GVC and MGM Resorts have made an early play for the Californian sports betting market by signing up to a partnership with the United Auburn Indian Community (UAIC).
Under the terms of the partnership, MGM-GVC – which announced a $200m (£153m/€171m) sports betting joint venture in July – would provide its brands and proprietary technology to enable UAIC to offer retail and mobile sports betting and online casino and poker if and when any are permitted under state law. The tribe is the operator of Thunder Valley Casino Resort near Sacramento, which is the state’s biggest casino with more than 3,000 slot and video machines.
MGM and GVC said that UAIC represents an “ideal initial partner” in California, providing access to the US's largest state by population, if and when state law permits sports betting. Adam Greenblatt, GVC director of corporate development and strategy, described the partnership as “significant”.
“It is not yet clear if California will authorise sports betting or interactive games generally, but with the overturn of PASPA possibly opening the door for sports betting, our tribe wants to be well-situated, and this agreement with the national leader in the field does just that,” said Gene Whitehouse, chairman of UAIC.
The partners may have some time to wait until they can begin accepting bets in California, which, with around 40 million residents, is the most populous US state. It has four times more people than New Jersey, while none of the other existing ‘betting states’ have more than three million residents.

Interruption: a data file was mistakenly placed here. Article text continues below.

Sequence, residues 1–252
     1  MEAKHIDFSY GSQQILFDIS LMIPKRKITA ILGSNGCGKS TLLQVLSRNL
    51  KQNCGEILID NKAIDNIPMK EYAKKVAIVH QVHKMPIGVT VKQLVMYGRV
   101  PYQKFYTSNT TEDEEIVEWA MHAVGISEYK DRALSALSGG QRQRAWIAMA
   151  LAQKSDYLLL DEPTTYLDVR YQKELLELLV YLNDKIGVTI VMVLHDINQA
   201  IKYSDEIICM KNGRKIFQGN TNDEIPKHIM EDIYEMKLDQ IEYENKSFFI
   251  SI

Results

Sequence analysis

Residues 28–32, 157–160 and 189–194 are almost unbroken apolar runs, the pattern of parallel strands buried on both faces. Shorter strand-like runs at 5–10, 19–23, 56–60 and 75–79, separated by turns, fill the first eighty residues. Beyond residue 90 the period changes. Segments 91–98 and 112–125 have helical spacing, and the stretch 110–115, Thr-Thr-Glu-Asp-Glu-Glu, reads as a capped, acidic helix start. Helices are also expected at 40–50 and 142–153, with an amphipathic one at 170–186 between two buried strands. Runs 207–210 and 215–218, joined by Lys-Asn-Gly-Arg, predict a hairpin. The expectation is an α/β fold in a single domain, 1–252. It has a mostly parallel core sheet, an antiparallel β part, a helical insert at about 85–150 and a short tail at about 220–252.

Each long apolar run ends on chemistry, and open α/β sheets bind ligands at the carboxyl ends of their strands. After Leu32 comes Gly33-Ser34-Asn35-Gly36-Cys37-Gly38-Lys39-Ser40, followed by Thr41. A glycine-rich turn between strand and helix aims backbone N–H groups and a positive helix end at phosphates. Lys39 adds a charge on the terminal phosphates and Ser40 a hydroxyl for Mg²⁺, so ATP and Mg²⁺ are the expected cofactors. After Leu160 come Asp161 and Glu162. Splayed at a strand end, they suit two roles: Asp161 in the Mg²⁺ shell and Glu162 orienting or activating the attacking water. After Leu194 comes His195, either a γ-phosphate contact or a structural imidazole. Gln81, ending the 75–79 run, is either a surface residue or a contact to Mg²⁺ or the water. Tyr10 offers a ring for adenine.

There has been little progress in California since the repeal of PASPA almost six months ago, with the last major development being Assembly member Adam Gray’s introduction of a constitutional amendment that would allow the state “to permit sports wagering only if a change in federal law occurs” in July 2017.
“All other gaming activities in California are subject to regulations that ensure the safety of consumers,” Gray said in a statement at the time. “Sports wagering should be treated no differently.”
Within hours of the Supreme Court ruling, Gray reiterated his desire to further a pro-sports betting constitutional amendment.
Under the terms of the 50/50 joint venture announced by GVC and MGM in July, both operators will each invest $100m. Both parties will bring exclusive access to all US land-based and online sports betting, online real money and free-to-play casino gaming, major tournament and online poker, and other similar future interactive businesses.
MGM CEO Jim Murren said in a statement at the time that the pair “expect [to] dominate the US sports betting market.”